If you are not shifting the right volume of water through them, then I am not surprised at them overheating to be honest. Boilers with too low a flow rate can back up a lot of residual heat and the temperature can continue to climb a fair way past the set cut off temperature as a result. Having said that, it does sound to me as though there may be other issues, even if that is the installation itself. A temperature of 65 Degrees C is quite hot and I would expect that to get your cylinder hot enough, definitely hotter than 'luke warm'.
I would advise you to get a Commercial Heating Engineer who works on oil boilers to have a look. They may be able to make some temporary adjustments for you. They will be able to test the stat to see if the calibration is out, maybe alter the control of the boilers on a temporary basis and see if there is anything wrong with the Plumbing side of things too.
 
Like the engineer previously said change your stat.
It shouldn't get to boiling point .
Minimal demand or not boiler should cut off when boiler stats happy untill it drops.
Is it the original boiler from when it was a commercial premises?
See if you can get a local commercial 'Registered Professional Gas Engineer' engineer
I know it shouldn't get to boiling - the problem (I believe) is that the stat isn't seeing the actual temp in the boiler because it takes too long for the water temp to permeate through the air gap in the pocket. When it does, it shuts off, and can't be reset for ages (20 minutes at least)
 

Danb

Gas Engineer
I take it there isn't 6" flat rod in there then that pushes it and holds in down in place. With alocking pin at the top.
 
If you are not shifting the right volume of water through them, then I am not surprised at them overheating to be honest. Boilers with too low a flow rate can back up a lot of residual heat and the temperature can continue to climb a fair way past the set cut off temperature as a result. Having said that, it does sound to me as though there may be other issues, even if that is the installation itself. A temperature of 65 Degrees C is quite hot and I would expect that to get your cylinder hot enough, definitely hotter than 'luke warm'.
I would advise you to get a Commercial Heating Engineer who works on oil boilers to have a look. They may be able to make some temporary adjustments for you. They will be able to test the stat to see if the calibration is out, maybe alter the control of the boilers on a temporary basis and see if there is anything wrong with the Plumbing side of things too.
Yep that's exactly what's happening - 20 odd degrees over according to the thermometer on the boiler which I don't trust to be accurate, but it does give an indication.

The cylinder has to be AT LEAST 60 degrees as it has a secondary circulation that (I'm told) the regs say needs to be that hot to kill legionnaires disease.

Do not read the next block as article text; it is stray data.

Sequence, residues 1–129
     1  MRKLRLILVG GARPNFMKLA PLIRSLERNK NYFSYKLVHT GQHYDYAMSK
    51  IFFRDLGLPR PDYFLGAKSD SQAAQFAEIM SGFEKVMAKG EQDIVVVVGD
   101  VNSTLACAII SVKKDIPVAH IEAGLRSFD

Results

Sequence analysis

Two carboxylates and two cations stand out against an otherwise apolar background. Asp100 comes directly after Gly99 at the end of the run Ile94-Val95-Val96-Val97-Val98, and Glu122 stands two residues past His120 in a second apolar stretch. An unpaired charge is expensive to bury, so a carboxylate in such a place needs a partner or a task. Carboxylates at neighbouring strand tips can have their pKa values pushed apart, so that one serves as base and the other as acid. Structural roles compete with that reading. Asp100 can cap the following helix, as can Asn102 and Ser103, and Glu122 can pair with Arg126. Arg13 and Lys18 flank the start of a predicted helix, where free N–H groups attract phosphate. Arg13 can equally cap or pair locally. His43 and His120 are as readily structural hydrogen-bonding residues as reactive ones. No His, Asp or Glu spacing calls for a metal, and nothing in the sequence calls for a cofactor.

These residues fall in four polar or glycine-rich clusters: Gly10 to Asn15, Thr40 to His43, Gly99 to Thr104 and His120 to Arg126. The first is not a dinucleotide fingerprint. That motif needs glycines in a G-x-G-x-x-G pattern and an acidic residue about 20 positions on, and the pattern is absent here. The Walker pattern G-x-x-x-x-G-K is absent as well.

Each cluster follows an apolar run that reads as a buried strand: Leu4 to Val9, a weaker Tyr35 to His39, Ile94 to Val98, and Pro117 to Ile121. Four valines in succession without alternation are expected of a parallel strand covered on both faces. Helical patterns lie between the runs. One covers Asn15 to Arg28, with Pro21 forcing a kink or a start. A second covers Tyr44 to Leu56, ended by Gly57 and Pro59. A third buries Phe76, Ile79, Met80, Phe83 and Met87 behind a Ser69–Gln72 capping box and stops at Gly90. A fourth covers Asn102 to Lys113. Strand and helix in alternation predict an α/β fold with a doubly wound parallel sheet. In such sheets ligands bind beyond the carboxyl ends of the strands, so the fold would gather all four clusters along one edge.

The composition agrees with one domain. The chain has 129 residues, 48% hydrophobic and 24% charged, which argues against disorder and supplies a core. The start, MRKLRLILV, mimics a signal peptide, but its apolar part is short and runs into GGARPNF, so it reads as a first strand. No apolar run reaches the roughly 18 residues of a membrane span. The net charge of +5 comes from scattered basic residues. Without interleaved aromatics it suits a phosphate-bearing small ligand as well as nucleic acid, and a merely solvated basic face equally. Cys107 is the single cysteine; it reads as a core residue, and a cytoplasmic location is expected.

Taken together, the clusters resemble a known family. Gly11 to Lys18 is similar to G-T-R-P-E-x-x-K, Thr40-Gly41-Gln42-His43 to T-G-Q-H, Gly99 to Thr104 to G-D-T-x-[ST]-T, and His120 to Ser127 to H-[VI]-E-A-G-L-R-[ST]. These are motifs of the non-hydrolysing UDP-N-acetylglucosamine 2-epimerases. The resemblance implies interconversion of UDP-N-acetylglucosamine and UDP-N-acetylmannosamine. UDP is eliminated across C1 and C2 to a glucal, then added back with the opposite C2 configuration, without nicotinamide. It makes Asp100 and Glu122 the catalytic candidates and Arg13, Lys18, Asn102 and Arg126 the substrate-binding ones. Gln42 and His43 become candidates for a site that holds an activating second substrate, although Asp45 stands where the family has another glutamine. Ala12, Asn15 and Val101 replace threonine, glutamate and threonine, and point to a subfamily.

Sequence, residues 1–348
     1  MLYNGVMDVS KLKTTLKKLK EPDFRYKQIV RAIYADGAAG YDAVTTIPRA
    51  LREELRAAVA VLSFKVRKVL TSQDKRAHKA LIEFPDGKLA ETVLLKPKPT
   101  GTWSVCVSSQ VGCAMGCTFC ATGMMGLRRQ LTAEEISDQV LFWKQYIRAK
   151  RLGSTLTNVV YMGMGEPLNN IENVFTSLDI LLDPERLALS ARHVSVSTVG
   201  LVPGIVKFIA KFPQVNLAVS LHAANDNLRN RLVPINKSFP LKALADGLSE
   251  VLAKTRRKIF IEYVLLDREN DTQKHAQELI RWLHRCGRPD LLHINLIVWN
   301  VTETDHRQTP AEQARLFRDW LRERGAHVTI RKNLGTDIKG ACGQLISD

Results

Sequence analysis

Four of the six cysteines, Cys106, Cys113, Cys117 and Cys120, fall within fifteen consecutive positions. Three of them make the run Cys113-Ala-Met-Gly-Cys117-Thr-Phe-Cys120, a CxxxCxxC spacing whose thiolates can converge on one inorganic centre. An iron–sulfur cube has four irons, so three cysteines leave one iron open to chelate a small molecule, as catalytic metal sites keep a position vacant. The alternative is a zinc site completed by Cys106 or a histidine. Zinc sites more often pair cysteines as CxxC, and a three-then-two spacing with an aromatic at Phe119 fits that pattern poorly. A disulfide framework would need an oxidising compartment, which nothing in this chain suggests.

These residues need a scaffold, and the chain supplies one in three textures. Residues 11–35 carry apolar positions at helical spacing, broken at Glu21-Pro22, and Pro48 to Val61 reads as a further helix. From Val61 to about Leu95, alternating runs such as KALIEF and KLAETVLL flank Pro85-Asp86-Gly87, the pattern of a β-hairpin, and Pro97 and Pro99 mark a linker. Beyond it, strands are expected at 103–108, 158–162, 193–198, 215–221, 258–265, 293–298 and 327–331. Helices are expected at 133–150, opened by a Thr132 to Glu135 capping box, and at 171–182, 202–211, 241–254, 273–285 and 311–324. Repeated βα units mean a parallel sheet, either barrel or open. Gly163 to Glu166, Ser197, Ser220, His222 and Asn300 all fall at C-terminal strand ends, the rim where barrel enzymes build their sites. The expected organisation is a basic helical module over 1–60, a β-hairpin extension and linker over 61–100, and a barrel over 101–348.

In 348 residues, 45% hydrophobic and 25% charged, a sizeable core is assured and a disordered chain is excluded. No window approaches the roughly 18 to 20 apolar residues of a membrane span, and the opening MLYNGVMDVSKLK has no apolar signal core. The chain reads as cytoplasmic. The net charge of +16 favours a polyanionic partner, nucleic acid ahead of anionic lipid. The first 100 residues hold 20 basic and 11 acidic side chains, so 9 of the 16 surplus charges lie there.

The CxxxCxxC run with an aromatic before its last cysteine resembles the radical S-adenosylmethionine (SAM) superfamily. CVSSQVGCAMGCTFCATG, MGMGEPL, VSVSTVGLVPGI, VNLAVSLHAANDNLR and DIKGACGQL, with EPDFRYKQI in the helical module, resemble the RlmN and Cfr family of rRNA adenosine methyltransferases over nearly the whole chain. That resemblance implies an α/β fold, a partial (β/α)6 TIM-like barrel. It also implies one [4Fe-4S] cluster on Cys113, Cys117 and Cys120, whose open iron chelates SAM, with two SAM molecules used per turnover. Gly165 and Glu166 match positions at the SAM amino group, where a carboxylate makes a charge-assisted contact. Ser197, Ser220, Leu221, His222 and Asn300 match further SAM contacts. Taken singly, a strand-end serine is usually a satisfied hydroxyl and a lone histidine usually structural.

The cylinder gets plenty hot if I crank up the boiler temp - problem is that then after the burner cuts off, the temperature continues to climb far enough that the over-temp stat trips.
 

Last Plumber

Esteemed
Plumber
Gas Engineer
Advent Win
Yep that's exactly what's happening - 20 odd degrees over according to the thermometer on the boiler which I don't trust to be accurate, but it does give an indication.

The cylinder has to be AT LEAST 60 degrees as it has a secondary circulation that (I'm told) the regs say needs to be that hot to kill legionnaires disease.

The cylinder gets plenty hot if I crank up the boiler temp - problem is that then after the burner cuts off, the temperature continues to climb far enough that the over-temp stat trips.
You can test the Boiler stat. It should knock the Boiler off at a maximum of 82 degrees plus or minus 3 degrees (79 - 85). Test in the same pocket as the stat is sensing if you can. Failing that, test the flow off the top of the Boiler. You will get slightly different temperatures in different sections but generally it should give a near as damn it indication of the stats performance. If the temperature continues to rise after the stat is open, then the residual heat is continuing to heat the exchanger to the point of overheat as you already suspect. If it is Boiling, it is dangerous and must not be used. I am sure you know that but just thought I would say it anyway.
 
You can test the Boiler stat. It should knock the Boiler off at a maximum of 82 degrees plus or minus 3 degrees (79 - 85). Test in the same pocket as the stat is sensing if you can. Failing that, test the flow off the top of the Boiler. You will get slightly different temperatures in different sections but generally it should give a near as damn it indication of the stats performance. If the temperature continues to rise after the stat is open, then the residual heat is continuing to heat the exchanger to the point of overheat as you already suspect. If it is Boiling, it is dangerous and must not be used. I am sure you know that but just thought I would say it anyway.